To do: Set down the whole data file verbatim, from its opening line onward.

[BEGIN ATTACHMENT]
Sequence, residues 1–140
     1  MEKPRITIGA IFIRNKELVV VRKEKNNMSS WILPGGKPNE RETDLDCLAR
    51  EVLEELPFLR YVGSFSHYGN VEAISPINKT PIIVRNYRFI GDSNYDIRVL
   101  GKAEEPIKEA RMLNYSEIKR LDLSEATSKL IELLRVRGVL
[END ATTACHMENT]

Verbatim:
Sequence, residues 1–140
     1  MEKPRITIGA IFIRNKELVV VRKEKNNMSS WILPGGKPNE RETDLDCLAR
    51  EVLEELPFLR YVGSFSHYGN VEAISPINKT PIIVRNYRFI GDSNYDIRVL
   101  GKAEEPIKEA RMLNYSEIKR LDLSEATSKL IELLRVRGVL